Hispaniolan pine forests

From Wikipedia, the free encyclopedia
Jump to: navigation, search
Hispaniolan pine forests
Hispaniolan pine forest as seen from Pico Duarte
Biome Tropical and subtropical coniferous forests
Borders Hispaniolan moist forests and Hispaniolan dry forests
Area 11,600 km2 (4,500 sq mi)
Countries Dominican Republic and Haiti
Conservation status Critical/Endangered[1]

The Hispaniolan pine forests are a subtropical coniferous forest ecoregion found on the Caribbean island of Hispaniola, which is shared by Haiti and the Dominican Republic. The ecoregion covers 11,600 km2 (4,500 sq mi), or about 15% of the island. It lies at elevations greater than 800 m (2,600 ft) in the mountains of Hispaniola, extending from the Cordillera Central of the Dominican Republic and into the Massif du Nord of Haiti. It is surrounded at lower elevations by the Hispaniolan moist forests and Hispaniolan dry forests ecoregions, which cover the remainder of the island. Annual rainfall is 1,000–2,000 mm (39–79 in).[1]


The natural vegetation of the region consists primarily of stands of pino criollo (Pinus occidentalis). Pines are mixed with other conifers, including sabina (Juniperus gracilior) and Podocarpus aristulatus (syn. P. buchii). Below 2,100 m (6,900 ft), pine forests are found on lateritic soils and are interspersed with areas of wet montane forest. Important broad-leaved species are Garrya fadyenii and Vaccinium cubense near Constanza and the Sierra de Bahoruco, Rapanea ferruginea near Jarabacoa and San José de las Matas, and Buddleja domingensis along the Cordillera Central. Plants of montane steppe (2,100–3,175 m or 6,890–10,417 ft) include cara de hombre (Lyonia spp.), abey (Cojoba arborea), yaya fina (Oxandra lanceolata), pajón (Danthonia domingensis), Verbena officinalis var. officinalis, and Weinmannia pinnata.[1]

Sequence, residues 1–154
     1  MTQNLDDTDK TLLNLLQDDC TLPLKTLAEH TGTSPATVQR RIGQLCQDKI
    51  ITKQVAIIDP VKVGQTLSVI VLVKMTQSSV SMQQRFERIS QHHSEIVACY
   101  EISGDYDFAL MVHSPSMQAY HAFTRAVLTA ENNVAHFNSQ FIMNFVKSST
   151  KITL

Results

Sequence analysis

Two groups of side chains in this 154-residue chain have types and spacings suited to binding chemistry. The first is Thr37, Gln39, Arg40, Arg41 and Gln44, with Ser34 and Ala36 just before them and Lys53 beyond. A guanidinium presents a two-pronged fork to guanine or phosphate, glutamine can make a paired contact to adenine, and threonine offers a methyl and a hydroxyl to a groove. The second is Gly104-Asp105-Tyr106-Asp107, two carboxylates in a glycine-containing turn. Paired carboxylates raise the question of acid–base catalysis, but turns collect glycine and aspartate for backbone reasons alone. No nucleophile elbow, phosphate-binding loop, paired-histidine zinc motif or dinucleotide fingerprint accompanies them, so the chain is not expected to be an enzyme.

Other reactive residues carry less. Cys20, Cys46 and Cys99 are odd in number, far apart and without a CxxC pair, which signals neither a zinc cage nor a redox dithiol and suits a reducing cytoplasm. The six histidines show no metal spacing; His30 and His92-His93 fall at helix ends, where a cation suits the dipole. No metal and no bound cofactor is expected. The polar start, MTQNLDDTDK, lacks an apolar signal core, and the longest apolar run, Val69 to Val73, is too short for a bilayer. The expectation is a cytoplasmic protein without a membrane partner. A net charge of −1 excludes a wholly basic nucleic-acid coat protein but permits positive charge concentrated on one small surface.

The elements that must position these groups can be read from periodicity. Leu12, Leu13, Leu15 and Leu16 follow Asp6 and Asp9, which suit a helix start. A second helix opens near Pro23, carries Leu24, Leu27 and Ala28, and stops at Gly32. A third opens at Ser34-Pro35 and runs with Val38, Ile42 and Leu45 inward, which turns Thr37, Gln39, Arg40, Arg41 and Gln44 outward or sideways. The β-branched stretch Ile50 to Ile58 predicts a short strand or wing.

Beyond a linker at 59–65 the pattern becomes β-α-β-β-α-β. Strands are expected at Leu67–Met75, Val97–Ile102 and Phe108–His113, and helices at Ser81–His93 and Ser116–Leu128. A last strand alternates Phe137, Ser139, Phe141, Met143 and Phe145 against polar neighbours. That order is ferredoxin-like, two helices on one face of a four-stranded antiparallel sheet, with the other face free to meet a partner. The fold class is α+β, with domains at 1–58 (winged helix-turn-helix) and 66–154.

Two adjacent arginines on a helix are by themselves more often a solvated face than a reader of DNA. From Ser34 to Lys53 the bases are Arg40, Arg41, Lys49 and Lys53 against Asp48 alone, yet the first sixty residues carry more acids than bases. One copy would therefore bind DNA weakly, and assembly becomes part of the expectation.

More than half of the ecoregion's area has been lost to clearing for agriculture, pasture, or plantations of exotic trees. The Haitian portion of the ecoregion is more deforested than the Dominican portion.[2]


  1. ^ a b c "Hispaniolan pine forests". Terrestrial Ecoregions. World Wildlife Fund. Retrieved 2012-11-05.  Cite error: Invalid <ref> tag; name "WWF" defined multiple times with different content (see the help page).
  2. ^ World Wildlife Fund (2001). "Hispaniolan pine forests". WildWorld Ecoregion Profile. National Geographic Society. Archived from the original on 2010-03-08. Retrieved 2009-04-23.